NoSQL technology while approaching different aspects that highly contribute to the use of those systems. We also presented the state of the art of non-relational technology by describing some of the most relevant studies and performance tests and their conclusions, after surveying a vast number of publications since NoSQL’s birth. This state of the art also intended to give a time-based perspective to the evolution of NoSQL research, highlighting four clearly distinct periods: 1) Database type characterization (where NoSQL was in its infancy and researchers tried to categorize databases into different sets); 2) Performance evaluations, with the advent of YCSB and a surge in NoSQL popularity; 3) Real-world scenarios and criticism to some interpretations of the CAP theorem; and 4) An even bigger focus on applicability and a reinvigorated focus on the validation of benchmarking software.
We concluded that although there have been a variety of studies and evaluations of NoSQL technology, there is still not enough information to verify how suited each non-relational database is in a specific scenario or system. Moreover, each working system differs from another and all the necessary functionality and mechanisms highly affect the database choice. Sometimes there is no possibility of clearly stating the best database solution. Furthermore, we tried to find the best databases on a quality attribute perspective, an approach still not found in current literature – this is our main contribution. In the future, we expect that NoSQL databases will be more used in real enterprise systems, allowing for more information and user experience available to conclude the most appropriate use of NoSQL according to each quality attribute and further improve this initial approach.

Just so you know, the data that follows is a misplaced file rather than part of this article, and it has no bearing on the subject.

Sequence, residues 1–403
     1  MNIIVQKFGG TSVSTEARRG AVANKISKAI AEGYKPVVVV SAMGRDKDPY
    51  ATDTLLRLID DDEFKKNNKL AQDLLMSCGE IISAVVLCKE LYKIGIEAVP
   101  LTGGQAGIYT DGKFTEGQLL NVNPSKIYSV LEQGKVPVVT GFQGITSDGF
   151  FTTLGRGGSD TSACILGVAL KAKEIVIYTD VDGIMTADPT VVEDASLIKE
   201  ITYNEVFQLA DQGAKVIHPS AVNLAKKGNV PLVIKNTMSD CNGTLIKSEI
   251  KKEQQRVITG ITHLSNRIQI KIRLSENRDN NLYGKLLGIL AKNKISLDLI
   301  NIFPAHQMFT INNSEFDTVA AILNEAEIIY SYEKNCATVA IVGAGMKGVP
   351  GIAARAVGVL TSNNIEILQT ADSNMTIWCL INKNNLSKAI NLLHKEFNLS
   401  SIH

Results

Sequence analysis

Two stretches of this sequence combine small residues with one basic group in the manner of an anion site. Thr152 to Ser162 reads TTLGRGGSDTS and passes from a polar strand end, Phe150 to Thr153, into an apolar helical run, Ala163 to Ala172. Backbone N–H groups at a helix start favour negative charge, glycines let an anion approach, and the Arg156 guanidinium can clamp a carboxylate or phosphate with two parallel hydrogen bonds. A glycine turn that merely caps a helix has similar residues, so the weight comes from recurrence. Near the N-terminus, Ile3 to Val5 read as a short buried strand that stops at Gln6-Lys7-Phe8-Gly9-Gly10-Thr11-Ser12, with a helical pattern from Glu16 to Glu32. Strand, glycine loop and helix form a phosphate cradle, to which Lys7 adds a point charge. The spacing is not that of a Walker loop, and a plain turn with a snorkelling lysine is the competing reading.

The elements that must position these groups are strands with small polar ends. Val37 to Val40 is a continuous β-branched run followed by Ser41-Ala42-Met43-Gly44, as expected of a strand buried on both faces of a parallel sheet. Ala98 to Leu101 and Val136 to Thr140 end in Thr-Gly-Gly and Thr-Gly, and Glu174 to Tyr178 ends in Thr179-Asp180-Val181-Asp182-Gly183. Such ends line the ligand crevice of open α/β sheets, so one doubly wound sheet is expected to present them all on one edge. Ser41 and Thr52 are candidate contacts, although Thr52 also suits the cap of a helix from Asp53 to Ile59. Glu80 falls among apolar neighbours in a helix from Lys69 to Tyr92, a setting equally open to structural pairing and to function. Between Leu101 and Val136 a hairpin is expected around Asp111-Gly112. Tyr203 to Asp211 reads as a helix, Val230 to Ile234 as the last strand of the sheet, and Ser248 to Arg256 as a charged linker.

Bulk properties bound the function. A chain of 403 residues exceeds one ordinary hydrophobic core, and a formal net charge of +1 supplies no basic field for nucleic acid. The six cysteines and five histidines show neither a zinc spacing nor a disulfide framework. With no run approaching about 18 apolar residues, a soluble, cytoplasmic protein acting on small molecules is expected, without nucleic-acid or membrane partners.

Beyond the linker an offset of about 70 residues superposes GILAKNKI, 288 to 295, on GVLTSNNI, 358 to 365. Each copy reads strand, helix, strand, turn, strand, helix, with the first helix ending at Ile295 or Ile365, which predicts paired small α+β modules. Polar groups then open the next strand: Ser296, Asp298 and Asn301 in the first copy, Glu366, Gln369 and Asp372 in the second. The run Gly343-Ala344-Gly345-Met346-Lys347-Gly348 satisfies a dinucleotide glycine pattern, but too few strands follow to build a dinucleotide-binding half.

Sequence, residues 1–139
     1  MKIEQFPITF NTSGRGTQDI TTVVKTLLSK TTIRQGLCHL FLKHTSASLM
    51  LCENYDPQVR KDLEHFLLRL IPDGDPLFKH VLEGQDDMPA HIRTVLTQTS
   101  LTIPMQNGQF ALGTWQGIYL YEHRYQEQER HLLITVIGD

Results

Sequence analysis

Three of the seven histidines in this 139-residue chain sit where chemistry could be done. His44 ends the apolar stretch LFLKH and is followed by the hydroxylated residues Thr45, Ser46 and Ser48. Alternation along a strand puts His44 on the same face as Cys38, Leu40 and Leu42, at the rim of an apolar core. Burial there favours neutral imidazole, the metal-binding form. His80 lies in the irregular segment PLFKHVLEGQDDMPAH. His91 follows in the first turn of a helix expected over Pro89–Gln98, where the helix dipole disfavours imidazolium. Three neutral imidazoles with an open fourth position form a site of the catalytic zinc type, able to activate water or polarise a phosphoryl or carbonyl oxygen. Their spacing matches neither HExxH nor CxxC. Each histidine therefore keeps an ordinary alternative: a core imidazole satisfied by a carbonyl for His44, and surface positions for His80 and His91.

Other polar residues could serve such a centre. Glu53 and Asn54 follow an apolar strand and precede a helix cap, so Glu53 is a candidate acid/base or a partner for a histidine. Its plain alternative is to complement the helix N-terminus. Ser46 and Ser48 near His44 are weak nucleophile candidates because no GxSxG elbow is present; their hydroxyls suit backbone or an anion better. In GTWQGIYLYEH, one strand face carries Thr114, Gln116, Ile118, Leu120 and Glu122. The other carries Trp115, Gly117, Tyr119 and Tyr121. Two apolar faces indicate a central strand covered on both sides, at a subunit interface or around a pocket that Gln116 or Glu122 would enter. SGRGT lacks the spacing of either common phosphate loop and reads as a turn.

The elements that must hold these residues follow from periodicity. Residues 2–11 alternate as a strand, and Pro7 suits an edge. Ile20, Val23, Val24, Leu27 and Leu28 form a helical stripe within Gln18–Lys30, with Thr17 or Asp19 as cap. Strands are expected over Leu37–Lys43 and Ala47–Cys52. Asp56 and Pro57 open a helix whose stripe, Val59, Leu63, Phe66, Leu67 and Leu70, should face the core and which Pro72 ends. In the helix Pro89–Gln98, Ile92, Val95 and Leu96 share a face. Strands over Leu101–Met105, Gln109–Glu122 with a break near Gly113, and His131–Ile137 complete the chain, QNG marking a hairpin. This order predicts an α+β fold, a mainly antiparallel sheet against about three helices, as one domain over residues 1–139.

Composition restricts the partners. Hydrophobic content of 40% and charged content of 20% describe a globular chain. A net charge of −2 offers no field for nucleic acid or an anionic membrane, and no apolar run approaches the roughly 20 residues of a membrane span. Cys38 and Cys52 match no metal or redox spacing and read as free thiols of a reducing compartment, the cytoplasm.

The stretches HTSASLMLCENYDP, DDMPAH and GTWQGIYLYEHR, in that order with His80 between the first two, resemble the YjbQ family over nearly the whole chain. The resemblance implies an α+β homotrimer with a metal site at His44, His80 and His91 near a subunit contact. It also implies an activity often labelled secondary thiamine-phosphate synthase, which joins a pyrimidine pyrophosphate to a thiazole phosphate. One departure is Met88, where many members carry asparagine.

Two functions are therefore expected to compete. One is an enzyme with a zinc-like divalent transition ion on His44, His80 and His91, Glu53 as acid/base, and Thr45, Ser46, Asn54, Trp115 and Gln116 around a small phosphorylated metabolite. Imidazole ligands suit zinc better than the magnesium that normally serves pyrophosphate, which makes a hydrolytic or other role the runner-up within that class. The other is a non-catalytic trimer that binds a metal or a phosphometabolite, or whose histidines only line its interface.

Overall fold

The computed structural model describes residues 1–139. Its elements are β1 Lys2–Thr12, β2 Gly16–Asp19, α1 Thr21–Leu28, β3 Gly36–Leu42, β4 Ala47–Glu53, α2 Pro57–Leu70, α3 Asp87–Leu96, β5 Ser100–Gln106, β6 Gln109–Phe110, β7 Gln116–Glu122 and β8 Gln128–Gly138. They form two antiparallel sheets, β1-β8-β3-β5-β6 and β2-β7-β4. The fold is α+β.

As we have seen, NoSQL is still an in-development field, with many questions and a shortage of definite answers. Its technology is ever-increasing and ever-changing, rendering even recent benchmarks and performance evaluations obsolete. There is also a lack of studies which focus on use-case oriented scenarios or software engineering quality attributes (we believe ours is the first work on this subject). All of these reasons make it difficult to find the best pick for each of the quality attributes we chose in this work, as well as others. The summary table we presented makes it clear that there is a current need for a broad study of quality attributes in order to better understand the NoSQL ecosystem, and it would be interesting to conduct research in this domain. When more studies and with more consistent results have been performed, a more thorough survey of the literature can be done, and with clearer, more concise results.Software architects and engineer can look to the summary table presented in this article if looking for help understanding the wide array of offerings in the NoSQL world from a quality attribute based overview. This table also brings to light some hidden or unexpected relationships between quality attributes in the NoSQL world. For instance, scalability is highly related to the write performance, but not necessarily the read performance.